People really don't understand the profession of Law. We spend years in school learning concepts that are ambiguous at best, write a three-day exam at the end of our studies and then are thrust into the legal world to practice as attorneys. Many of us end up in large firms with equally large salaries, only to work 70 hour work weeks performing riguourous research tasks. Others find themselves in public practice, working for government agencies or for Legal Aid Societies.
At the beginning, I always second guessed my decision to go solo. I had some experience behind me as a law clerk and I had firms who were willing to take me upon passing the bar exam. I suppose it really came down to the kind of practitioner I wanted to be. I've been an independant person from Day One. I was always able to take care of myself and often enjoyed being alone. I craved independence as a child and constantly questioned authority.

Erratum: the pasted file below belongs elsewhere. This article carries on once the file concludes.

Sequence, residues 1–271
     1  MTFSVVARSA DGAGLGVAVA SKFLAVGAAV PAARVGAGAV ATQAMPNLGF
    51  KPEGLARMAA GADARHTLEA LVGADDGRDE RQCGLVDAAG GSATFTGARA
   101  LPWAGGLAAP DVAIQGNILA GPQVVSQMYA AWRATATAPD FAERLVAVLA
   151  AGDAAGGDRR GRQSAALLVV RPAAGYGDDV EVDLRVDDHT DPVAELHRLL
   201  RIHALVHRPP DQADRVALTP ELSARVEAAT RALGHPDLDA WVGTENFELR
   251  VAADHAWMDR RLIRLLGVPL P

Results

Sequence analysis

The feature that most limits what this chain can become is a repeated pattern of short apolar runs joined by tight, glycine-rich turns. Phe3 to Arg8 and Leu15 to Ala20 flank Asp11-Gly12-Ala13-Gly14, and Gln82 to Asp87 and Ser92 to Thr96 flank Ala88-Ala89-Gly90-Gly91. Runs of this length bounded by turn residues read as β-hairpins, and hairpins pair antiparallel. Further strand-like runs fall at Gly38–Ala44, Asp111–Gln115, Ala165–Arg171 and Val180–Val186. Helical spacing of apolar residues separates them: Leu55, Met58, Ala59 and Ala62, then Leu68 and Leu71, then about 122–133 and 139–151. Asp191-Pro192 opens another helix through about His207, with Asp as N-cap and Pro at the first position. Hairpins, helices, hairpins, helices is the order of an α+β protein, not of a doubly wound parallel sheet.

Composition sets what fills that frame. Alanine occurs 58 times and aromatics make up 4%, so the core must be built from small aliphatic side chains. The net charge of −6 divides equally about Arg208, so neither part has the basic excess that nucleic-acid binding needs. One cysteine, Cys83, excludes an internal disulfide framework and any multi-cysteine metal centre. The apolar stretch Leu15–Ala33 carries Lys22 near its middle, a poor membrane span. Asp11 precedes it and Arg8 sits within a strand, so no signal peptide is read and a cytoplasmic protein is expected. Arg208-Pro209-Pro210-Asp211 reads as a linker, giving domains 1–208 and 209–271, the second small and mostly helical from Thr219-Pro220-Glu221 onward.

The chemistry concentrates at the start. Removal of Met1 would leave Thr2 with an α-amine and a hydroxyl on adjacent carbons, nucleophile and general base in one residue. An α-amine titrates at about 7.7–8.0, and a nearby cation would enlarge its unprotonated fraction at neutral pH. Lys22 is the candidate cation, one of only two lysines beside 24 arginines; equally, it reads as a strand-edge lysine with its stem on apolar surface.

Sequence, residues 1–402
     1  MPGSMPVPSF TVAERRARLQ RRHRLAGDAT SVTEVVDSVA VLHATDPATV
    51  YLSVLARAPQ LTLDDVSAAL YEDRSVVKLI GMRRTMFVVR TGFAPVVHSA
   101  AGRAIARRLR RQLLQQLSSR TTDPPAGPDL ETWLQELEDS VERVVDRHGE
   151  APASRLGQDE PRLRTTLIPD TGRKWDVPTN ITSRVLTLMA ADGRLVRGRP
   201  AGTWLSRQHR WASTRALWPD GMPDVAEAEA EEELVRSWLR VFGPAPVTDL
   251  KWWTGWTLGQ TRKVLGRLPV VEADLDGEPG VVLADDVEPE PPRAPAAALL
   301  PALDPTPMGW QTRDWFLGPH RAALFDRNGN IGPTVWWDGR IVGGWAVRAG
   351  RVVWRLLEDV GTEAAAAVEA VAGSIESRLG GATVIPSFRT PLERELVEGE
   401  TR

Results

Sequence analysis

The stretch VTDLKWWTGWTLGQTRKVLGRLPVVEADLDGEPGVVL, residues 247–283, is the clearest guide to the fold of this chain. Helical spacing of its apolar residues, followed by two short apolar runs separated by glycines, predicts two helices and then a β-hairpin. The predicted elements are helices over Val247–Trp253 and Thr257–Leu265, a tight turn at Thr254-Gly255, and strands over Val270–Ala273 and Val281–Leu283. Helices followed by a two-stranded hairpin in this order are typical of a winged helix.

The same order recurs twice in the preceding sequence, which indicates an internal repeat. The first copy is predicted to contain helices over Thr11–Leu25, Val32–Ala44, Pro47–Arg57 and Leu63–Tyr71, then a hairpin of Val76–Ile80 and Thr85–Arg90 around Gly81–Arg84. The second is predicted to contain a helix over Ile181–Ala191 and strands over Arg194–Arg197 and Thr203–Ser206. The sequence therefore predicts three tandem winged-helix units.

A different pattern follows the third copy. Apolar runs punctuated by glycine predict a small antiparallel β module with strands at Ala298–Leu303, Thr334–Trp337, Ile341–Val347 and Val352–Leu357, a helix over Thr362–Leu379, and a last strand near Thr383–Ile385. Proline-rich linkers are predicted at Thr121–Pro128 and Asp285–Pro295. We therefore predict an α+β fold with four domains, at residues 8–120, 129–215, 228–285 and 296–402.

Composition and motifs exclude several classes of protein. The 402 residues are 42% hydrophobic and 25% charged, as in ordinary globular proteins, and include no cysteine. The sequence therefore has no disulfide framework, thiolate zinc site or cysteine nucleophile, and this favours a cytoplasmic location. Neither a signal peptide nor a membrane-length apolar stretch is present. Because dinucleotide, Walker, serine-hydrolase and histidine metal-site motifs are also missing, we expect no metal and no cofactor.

I was nine months pregnant when I wrote the California bar exam and I was a new mom when I was sworn in to bar. When my daughter was 5 months old, I decided that I wanted to go back to work. I just wanted flexibility. At the time, I had a few clients approach me to draft their wills. So, I decided to go into estate planning, thinking that it would be a simple area where I would draft wills from a template.
Was I ever wrong!
I accepted my first client and took her to the owner of a firm where I had clerked. Although I had worked at that firm previously, I had never worked in estate planning and I sat through the client meeting, trying to absorb everything that took place at that meeting. At that time, I knew nothing about revocable living trusts.
Two months later, I had drafted and funded my first revocable living trust entirely on my own and had already held a seminar on revocable trusts for financial planners.
Two months after starting, I not only broke even but I had profit.